From the Associated Press:
SPRINGFIELD, Ohio (AP) — A man is facing charges after deputies say he was flying a video camera-equipped drone that hindered the landing of a medical helicopter at an accident scene.
Kele Stanley, of Springfield, said he’s been unfairly charged and would have landed it immediately if he knew the medical helicopter was en route.
“I’m not an idiot,” he said.
The hobbyist was flying the $4,000 drone over a crash scene on Saturday morning to shoot photos and video.
Authorities said both fire officials and a Clark County sheriff’s deputy told Stanley to stop flying his remote-controlled aircraft because the helicopter was preparing to land, and that he refused. The helicopter was able to land and depart safely from the scene.
Stanley is facing a felony charge of obstructing official business and misdemeanor charges of misconduct at an emergency and disorderly conduct. He pleaded not guilty during a court appearance Monday and said he’s going to hire a lawyer to fight the charges.
Stanley, a 31-year-old copy-machine repairman and videographer, said he flew his remote-controlled “hexacopter” about 75 feet above where a pickup had hit a tree in Moorefield Township near Springfield. He said he was shooting the video as a hobby and would have turned it over to local television stations, as he has done before.
There currently are no regulations in Ohio governing private use of the unmanned aircraft, although law enforcement agencies must get special permits to use them. The Federal Aviation Administration bars the commercial use of drones.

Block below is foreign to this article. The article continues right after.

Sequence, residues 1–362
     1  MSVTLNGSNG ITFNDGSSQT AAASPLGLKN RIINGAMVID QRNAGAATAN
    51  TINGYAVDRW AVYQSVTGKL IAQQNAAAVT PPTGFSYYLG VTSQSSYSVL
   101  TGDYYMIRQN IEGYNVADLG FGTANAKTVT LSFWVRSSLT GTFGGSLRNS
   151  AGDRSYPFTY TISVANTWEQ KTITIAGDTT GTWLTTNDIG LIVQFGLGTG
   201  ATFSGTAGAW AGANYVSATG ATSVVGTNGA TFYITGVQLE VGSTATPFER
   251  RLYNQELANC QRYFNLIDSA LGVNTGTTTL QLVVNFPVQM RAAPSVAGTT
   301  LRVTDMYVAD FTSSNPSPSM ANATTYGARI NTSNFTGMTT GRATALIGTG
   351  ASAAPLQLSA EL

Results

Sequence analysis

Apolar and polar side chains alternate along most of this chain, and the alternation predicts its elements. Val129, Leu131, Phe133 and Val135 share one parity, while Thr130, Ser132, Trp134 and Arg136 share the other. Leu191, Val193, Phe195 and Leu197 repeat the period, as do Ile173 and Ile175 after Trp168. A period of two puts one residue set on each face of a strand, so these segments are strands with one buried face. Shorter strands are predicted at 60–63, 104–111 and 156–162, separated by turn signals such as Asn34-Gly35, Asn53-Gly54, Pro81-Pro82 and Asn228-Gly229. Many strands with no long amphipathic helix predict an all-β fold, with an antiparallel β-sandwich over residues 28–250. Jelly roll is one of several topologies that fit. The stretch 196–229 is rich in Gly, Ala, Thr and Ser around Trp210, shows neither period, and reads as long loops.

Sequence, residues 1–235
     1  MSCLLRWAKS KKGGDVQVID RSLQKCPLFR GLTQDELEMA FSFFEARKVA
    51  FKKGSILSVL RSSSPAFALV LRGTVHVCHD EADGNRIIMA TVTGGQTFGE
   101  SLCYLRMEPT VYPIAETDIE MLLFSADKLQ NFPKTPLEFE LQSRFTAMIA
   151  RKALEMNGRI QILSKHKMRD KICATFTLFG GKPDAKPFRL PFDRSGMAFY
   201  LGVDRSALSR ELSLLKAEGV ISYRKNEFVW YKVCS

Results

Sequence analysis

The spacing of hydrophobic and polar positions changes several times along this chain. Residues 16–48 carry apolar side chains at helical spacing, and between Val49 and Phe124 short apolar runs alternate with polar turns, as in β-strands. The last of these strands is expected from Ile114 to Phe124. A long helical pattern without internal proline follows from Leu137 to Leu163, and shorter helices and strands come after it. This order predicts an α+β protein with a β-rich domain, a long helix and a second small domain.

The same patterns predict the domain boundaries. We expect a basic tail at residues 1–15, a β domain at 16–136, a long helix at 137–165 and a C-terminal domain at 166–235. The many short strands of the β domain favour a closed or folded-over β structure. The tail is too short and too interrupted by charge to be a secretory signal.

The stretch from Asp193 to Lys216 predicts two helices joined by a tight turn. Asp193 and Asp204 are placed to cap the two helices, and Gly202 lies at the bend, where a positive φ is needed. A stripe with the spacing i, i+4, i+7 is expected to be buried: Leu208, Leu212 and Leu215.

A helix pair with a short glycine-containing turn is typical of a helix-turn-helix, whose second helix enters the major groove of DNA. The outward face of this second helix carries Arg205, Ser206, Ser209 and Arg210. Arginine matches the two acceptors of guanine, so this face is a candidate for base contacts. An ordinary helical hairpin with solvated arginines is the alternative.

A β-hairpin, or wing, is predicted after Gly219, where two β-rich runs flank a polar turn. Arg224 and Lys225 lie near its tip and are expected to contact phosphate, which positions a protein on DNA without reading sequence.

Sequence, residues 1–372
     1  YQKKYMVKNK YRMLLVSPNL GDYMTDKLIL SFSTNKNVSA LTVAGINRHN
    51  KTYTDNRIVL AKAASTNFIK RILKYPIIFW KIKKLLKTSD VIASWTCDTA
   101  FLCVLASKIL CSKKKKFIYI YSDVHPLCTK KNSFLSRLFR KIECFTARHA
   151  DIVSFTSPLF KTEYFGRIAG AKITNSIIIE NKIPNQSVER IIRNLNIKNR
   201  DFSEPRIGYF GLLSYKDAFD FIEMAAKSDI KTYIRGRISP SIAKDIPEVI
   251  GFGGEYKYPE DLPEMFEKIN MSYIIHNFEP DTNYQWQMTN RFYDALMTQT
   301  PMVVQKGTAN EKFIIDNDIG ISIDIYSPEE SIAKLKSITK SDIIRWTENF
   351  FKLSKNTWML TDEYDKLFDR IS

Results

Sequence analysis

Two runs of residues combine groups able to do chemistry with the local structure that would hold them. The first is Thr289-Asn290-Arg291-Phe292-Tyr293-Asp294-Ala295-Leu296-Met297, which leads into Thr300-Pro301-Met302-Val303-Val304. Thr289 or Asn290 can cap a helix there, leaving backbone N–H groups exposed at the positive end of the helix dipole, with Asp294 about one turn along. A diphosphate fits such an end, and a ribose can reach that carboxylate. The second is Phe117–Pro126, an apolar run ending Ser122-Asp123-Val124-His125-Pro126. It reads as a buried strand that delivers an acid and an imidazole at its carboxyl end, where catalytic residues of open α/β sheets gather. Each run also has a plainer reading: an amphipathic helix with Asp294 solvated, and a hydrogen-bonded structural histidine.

(Photo above: Clark County Jail)
((Photo below:/Clark County Sheriff's Office)
Ummm... yeah. Not to put too fine a point on it, but you clearly don't know much of what goes on in a Volunteer Fire Dept, or you wouldn't speak so callously of them. We take the same training, follow the same regulations, and have to pass the same state and federally mandated standards as paid firefighters; the only difference is that we do it solely out of civic duty, and often spend large quantities of our own personal funds on gear, training, and transportation. AND we work a full-time job to support that habit.
At the time I retired from active duty due to a back injury, I was training in Fire Science & Forensics; so YES, I had clearance and access to a LOT of material not available to the general public, and I understood the difference between that and what was appropriate to release to the public. But I ALSO had access to a LOT of similar material even BEFORE I had access granted for investigative work. EVERY firefighter is a material witness; we are expected to be observant, and to report what we observe in the most complete and accurate manner possible.